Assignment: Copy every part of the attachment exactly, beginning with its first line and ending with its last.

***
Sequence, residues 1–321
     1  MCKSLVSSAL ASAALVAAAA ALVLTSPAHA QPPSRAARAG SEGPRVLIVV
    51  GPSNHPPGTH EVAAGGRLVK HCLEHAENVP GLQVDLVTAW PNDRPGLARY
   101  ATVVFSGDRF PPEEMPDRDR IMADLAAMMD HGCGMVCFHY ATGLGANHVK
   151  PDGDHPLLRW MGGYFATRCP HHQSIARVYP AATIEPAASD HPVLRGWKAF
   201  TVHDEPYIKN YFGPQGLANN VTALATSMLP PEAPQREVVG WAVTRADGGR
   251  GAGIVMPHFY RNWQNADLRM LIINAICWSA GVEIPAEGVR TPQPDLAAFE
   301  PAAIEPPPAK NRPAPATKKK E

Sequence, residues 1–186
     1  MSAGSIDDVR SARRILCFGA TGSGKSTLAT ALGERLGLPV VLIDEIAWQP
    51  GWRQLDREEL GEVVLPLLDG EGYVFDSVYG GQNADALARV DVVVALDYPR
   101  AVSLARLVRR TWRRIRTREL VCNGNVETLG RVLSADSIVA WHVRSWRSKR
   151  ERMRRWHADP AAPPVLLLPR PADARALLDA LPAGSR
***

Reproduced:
Sequence, residues 1–321
     1  MCKSLVSSAL ASAALVAAAA ALVLTSPAHA QPPSRAARAG SEGPRVLIVV
    51  GPSNHPPGTH EVAAGGRLVK HCLEHAENVP GLQVDLVTAW PNDRPGLARY
   101  ATVVFSGDRF PPEEMPDRDR IMADLAAMMD HGCGMVCFHY ATGLGANHVK
   151  PDGDHPLLRW MGGYFATRCP HHQSIARVYP AATIEPAASD HPVLRGWKAF
   201  TVHDEPYIKN YFGPQGLANN VTALATSMLP PEAPQREVVG WAVTRADGGR
   251  GAGIVMPHFY RNWQNADLRM LIINAICWSA GVEIPAEGVR TPQPDLAAFE
   301  PAAIEPPPAK NRPAPATKKK E

Sequence, residues 1–186
     1  MSAGSIDDVR SARRILCFGA TGSGKSTLAT ALGERLGLPV VLIDEIAWQP
    51  GWRQLDREEL GEVVLPLLDG EGYVFDSVYG GQNADALARV DVVVALDYPR
   101  AVSLARLVRR TWRRIRTREL VCNGNVETLG RVLSADSIVA WHVRSWRSKR
   151  ERMRRWHADP AAPPVLLLPR PADARALLDA LPAGSR